I struggle with how it all works. I’ll tell you, I’m not a business man; I’m really bad at it. All I am is this scatterbrained guy who writes songs and sometimes I’ll make money doing it and sometimes I won’t. I went from being on Squint and then Squint folded and everyone at Word records, everyone got fired, which was unfortunate. They were our family. They were the people that connected the dots to our fanbase. When they all left, we kind of went under. There was really no platform for us anymore. Then there were all these rumors about us. I’ve heard some crazy rumors that we were in jail or something and someone else said I was in rehab for all these drugs. I couldn’t believe it and I felt a little hurt. I would walk into some Christian manager’s office and they would say “We’ve heard that you were in prison” and I would look at them like, and I just wouldn’t know what to tell them. “No sir, absolutely not,” was about all I could say! Google my name, I have never been in prison, but I’m sure the reputation would help record sales! Maybe they were on to something. I did wind up leaving the band, due to a little bit of exhaustion. We were all tired. Once the platform was taken from under our feet, there was really no place to chime.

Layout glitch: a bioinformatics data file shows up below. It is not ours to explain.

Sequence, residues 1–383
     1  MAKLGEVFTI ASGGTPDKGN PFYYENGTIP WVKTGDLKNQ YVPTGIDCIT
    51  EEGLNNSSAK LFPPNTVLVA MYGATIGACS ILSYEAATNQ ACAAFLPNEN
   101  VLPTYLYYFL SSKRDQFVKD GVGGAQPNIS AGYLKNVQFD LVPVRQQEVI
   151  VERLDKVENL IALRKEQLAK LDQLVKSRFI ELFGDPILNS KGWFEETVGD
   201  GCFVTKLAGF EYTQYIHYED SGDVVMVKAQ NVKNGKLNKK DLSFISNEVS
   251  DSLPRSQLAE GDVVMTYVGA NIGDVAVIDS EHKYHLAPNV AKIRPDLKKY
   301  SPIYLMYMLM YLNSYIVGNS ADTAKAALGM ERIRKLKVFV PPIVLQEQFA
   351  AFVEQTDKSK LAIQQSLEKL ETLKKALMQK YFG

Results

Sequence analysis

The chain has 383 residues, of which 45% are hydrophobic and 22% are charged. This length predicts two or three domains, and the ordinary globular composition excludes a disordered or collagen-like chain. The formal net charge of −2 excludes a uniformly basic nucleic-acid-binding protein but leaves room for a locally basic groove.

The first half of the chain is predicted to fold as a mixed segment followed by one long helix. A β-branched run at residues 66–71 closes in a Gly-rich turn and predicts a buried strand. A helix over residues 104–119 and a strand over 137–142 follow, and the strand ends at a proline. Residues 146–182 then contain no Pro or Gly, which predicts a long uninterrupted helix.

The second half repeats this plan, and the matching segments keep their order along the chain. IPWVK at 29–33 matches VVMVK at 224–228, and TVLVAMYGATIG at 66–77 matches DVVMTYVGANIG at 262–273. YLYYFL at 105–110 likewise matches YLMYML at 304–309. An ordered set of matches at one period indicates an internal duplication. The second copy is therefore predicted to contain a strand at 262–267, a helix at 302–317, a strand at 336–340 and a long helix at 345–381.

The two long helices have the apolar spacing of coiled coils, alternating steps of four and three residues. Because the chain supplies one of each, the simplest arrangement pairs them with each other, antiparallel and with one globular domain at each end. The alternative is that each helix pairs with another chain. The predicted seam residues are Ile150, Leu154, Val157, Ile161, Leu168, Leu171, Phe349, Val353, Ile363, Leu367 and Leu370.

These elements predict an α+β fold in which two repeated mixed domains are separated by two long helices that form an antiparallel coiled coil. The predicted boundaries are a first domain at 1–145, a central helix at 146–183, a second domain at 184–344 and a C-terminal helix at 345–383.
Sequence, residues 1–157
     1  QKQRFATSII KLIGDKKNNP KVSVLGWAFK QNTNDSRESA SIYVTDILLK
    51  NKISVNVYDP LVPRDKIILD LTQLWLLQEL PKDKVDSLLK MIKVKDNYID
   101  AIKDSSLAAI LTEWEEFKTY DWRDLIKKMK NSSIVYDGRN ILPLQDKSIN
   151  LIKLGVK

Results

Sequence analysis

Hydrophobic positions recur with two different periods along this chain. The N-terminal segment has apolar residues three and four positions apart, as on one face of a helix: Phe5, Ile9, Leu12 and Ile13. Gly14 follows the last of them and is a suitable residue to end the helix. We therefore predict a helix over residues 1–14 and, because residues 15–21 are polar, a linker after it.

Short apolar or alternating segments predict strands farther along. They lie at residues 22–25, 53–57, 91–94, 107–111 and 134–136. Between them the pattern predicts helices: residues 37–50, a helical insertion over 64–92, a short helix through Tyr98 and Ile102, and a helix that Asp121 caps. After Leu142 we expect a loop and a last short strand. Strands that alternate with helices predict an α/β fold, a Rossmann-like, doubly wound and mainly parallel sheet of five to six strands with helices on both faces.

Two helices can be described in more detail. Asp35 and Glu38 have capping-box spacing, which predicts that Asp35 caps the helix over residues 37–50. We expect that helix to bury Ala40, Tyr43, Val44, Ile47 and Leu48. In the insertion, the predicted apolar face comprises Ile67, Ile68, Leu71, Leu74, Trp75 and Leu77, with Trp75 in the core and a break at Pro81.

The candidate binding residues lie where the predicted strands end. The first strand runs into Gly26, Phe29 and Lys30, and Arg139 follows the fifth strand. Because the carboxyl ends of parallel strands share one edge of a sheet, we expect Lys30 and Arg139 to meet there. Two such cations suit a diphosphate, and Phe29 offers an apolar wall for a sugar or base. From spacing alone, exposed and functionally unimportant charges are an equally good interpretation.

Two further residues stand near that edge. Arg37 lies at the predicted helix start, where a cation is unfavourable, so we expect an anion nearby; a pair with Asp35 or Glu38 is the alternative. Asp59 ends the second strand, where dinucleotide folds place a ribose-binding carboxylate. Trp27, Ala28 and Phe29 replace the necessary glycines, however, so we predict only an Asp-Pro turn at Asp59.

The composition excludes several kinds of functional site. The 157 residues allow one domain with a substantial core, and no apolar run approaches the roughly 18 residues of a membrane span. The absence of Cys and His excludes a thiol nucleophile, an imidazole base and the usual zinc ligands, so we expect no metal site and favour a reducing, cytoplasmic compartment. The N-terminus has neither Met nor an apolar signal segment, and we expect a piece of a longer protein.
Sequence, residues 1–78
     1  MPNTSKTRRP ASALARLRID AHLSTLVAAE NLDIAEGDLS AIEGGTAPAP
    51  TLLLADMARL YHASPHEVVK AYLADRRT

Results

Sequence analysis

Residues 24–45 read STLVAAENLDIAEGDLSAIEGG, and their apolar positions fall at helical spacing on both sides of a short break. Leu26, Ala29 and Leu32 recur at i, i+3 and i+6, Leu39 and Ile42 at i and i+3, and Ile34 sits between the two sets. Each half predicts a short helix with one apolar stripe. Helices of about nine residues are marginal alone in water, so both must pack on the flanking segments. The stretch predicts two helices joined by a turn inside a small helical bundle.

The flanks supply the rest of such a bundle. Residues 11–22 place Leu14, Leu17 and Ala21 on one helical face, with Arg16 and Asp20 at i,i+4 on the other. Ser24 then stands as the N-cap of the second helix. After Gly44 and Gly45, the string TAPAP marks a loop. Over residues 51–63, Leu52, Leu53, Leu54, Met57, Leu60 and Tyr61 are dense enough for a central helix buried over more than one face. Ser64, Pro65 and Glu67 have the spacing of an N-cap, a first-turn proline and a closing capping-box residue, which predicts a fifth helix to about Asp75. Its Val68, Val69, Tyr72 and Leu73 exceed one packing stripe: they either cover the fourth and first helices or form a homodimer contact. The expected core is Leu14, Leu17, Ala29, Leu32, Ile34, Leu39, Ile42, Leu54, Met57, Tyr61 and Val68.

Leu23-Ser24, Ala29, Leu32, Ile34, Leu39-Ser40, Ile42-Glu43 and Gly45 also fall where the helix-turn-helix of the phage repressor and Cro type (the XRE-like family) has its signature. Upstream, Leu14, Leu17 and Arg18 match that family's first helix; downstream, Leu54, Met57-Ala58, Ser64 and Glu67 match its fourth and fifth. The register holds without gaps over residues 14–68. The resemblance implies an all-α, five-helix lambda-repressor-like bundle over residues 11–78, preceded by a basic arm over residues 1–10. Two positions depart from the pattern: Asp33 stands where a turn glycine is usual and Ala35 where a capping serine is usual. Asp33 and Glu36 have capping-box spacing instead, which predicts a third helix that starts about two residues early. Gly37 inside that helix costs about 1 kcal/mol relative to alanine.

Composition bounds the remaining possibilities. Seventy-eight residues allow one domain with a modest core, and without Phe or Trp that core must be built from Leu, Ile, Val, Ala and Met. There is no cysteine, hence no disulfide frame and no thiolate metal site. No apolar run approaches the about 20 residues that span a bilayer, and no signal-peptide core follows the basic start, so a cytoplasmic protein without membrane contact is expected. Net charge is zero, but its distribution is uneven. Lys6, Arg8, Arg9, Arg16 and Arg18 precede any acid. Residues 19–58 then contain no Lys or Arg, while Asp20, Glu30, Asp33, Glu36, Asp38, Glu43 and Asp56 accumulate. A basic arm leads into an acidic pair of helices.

Artistically, how would you describe the progression from Burlap to Cashmere to Me Died Blue and now to Straightjacket?
Me Died Blue, I was just so excited to put that out there. I had an interesting couple of years after Burlap, I kind of went into seclusion and struggled with minor depression. Me Died Blue was a great healing record for me where I got to express the gray areas of life; as C.S. Lewis calls it, “the shadowlands.” I think that some of the Christian market didn’t want to put it out because it wasn’t lite, lite, lite, lite, lite. But I felt like I owed it to the fans who bought the Burlap to Cashmere record for them to hear something true because the Burlap to Cashmere record was written with the same notion. I wanted to keep the art alive and I felt like I succeeded.
But what I failed to do was reconnect with the Burlap fans. I didn’t even think about it too much. I went with different management, I went with a country label. I almost completely turned my back on the Christian music business, not for any other reason that I just didn’t think about it. I’m not one of those guys who thinks about what’s going to be good for my career, probably to my demise. The good part is that if I find people who “get” me, which I have recently, which is great, is that I’ll always be about the music. My singing will always reflect whether I’m struggling or having a great day.